Winter solstice rituals have long been practiced by cultures around the world. Traditionally, it’s been a time to celebrate the harvest, the return of the Sun, and the dichotomies of life and death.
But what does the winter solstice actually entail and how can we draw spiritual significance from it?
The Winter Solstice: How It Works
Not unlike the summer solstice, the winter solstice is an astrological event. It occurs when the Earth’s tilt towards the sun is at its minimum, resulting in the shortest day and longest night of the year. After the solstice, the days start getting longer again as we move towards springtime. This year, the winter solstice falls on December 21 in the Northern Hemisphere.
Ancient cultures around the world have attached various meanings to the solstice, which has cultivated diverse rituals and customs that still live on to this day.
Here Are Some Of The World’s Solstice Celebrations
Ever switched on the TV to the crackling yule log channel during the holidays? That custom stems from the ancient Norse, who celebrated yule from the winter solstice through January. Yule was a celebration of the return of the sunlight, and Norse people recognized the holiday by sending boys and men out to bring home large logs that were lit on fire. People would feast until the log burned out, which could take as many as 12 days!
On the South American continent, the Incas celebrated Inti Raymi (Festival of the Sun) to pay homage to the sun god, Inti. Fasting would occur three days leading up to the solstice. On the day of the solstice, people gathered in a ceremonial plaza to watch the sun rise, kneeling down to offer the sun god cups of chicha, a sacred fermented drink, as well as animal sacrifices. Inti Raymi celebrations still take place today in countries like Ecuador and Peru.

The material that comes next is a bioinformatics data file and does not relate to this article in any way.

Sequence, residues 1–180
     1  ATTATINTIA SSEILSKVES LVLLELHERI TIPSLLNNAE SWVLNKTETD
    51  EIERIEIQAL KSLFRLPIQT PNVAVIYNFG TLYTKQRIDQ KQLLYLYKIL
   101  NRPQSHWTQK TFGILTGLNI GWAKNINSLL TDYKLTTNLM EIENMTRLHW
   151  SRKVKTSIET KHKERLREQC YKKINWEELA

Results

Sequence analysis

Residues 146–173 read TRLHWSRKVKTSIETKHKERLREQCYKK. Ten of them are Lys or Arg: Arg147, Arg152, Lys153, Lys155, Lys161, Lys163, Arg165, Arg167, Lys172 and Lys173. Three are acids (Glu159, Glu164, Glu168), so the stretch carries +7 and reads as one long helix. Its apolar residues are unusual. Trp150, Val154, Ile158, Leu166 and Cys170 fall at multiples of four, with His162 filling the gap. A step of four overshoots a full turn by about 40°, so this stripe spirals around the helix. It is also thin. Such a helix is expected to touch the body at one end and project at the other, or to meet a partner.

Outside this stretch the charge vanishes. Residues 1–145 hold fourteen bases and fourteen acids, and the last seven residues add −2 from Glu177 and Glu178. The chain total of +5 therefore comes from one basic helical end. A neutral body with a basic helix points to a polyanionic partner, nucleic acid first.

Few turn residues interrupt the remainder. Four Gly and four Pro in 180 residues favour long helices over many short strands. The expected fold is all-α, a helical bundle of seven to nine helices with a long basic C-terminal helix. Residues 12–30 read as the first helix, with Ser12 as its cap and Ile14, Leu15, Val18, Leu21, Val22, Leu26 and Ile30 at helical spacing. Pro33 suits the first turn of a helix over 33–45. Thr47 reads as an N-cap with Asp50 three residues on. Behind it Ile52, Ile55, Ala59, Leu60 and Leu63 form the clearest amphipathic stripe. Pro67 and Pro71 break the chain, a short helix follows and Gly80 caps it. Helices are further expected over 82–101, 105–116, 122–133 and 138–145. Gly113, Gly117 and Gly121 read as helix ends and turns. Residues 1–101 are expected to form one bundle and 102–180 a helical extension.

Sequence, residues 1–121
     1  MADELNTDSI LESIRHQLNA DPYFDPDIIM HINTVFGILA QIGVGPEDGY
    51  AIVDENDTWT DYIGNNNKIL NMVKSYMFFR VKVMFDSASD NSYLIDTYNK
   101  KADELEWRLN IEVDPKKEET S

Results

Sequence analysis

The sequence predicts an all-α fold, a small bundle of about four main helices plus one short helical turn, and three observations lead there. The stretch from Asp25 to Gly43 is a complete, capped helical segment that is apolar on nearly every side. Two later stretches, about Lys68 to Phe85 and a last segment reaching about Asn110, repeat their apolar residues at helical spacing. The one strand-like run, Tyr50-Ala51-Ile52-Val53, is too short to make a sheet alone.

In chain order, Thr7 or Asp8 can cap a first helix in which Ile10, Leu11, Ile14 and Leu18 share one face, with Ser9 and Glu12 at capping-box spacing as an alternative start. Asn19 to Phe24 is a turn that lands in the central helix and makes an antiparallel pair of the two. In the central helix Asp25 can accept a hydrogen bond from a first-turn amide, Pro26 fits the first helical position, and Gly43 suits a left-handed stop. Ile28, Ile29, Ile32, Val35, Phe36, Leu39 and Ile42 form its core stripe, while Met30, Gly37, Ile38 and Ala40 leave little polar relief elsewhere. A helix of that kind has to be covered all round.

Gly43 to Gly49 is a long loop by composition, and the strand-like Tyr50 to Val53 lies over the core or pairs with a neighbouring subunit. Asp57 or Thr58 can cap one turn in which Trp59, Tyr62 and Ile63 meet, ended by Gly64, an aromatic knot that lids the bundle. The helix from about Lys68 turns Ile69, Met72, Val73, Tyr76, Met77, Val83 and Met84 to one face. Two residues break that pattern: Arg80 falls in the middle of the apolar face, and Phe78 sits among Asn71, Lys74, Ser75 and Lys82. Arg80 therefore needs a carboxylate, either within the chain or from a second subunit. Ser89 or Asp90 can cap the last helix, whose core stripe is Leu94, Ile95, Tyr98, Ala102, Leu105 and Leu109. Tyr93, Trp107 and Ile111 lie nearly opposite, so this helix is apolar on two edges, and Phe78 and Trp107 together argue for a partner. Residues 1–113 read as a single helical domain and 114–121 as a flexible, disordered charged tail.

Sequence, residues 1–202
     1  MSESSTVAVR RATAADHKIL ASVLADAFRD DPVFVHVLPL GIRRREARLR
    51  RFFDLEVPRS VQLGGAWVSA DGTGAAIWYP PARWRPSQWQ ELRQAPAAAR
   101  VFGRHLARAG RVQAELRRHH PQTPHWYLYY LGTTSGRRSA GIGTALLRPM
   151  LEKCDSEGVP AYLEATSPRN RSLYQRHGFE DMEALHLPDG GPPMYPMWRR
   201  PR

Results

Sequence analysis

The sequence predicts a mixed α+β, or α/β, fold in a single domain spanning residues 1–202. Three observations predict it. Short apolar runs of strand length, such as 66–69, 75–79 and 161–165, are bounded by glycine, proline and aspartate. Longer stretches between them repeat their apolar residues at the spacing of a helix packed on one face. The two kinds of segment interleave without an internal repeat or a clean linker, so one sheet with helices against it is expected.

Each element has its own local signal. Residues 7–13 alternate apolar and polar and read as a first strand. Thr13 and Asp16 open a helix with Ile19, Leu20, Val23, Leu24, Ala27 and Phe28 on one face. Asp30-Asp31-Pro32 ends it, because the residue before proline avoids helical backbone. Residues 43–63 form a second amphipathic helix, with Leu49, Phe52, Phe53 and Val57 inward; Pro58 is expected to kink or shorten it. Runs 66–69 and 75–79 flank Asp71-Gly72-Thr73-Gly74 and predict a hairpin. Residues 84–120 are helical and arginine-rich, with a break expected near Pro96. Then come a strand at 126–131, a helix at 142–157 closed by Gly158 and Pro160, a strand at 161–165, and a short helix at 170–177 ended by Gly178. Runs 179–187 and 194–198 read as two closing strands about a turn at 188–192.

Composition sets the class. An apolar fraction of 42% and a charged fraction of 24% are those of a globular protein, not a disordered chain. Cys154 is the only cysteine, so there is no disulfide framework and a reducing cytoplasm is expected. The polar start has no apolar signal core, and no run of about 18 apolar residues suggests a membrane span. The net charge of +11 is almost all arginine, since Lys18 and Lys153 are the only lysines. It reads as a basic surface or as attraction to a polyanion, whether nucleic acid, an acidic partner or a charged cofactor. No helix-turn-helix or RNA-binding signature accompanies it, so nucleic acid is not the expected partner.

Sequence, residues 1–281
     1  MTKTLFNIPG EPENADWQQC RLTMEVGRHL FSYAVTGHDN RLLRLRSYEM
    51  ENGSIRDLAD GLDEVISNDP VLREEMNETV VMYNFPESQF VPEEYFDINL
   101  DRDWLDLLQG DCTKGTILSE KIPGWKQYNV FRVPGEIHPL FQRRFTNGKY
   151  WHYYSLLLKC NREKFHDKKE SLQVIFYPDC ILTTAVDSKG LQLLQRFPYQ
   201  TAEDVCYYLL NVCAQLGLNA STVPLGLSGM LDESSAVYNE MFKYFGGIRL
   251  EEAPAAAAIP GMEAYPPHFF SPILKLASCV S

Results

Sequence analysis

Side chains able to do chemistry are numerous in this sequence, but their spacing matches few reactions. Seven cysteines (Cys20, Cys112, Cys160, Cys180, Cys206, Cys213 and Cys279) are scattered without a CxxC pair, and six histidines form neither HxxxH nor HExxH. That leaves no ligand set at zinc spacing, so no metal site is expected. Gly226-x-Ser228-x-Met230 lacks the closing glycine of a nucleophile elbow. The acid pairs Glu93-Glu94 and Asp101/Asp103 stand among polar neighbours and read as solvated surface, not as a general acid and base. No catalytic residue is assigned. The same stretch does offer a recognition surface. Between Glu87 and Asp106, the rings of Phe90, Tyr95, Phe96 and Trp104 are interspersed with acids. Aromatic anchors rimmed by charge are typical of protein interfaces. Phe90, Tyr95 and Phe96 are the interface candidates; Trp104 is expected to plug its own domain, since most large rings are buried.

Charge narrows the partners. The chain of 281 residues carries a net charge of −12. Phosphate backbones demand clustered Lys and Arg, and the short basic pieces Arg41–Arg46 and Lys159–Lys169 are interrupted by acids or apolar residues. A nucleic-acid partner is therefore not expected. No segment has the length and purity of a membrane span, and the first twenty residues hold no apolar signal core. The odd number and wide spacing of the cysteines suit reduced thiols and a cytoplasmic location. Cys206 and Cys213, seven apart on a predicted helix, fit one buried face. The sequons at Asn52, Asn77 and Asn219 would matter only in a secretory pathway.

In mainland China, Hong Kong, and Taiwan, winter solstice celebrations are called Dongzhi. The holiday started off as a celebration of the harvest, but these days, it’s a time to welcome longer days and spend time with family.
In some cultures, like the indigenous Zuni tribe of western New Mexico, the winter solstice marks the start of the new year. Celebrations begin with fasting, prayer, and, finally, a traditional dance called the Shalako.
How To Celebrate The Winter Solstice
Despite their various origins, almost all winter solstice celebrations are connected by a common thread: they’re a celebration of the return of the sun.
What does this mean for you?
If you’re one to live in tune with seasonal changes and astrological events, consider this an opportunity to honor the light in your life.
One winter solstice ritual I enjoy is getting up early to watch the sunrise. The winter solstice is also a time to honor the natural world, so when I’m feeling extra motivated, I head out on a hike to watch the sunrise from a view.
But if you’re not a morning person, light candles instead to welcome brightness and warmth into your home. If you have a fireplace or an outdoor fire pit, try your hand at (safely) building a fire.
And let’s not forget that the winter solstice was also traditionally celebrated with lots of food. Cook your favorite nourishing meal, soak in the flavors, and feel the warmth build from the inside.
No matter how you celebrate the solstice, don’t lose sight of its ancient meaning. The days may still be cold and dark, but we can use the winter solstice as a reminder that brighter days lie ahead.
Cecilia is a freelance writer and contributor to Slow North. She writes largely about sustainability, especially as it applies to beauty, wellness, and the future of technology. She is a graduate of the journalism department at Cal Poly, San Luis Obispo and is based in Oakland , CA.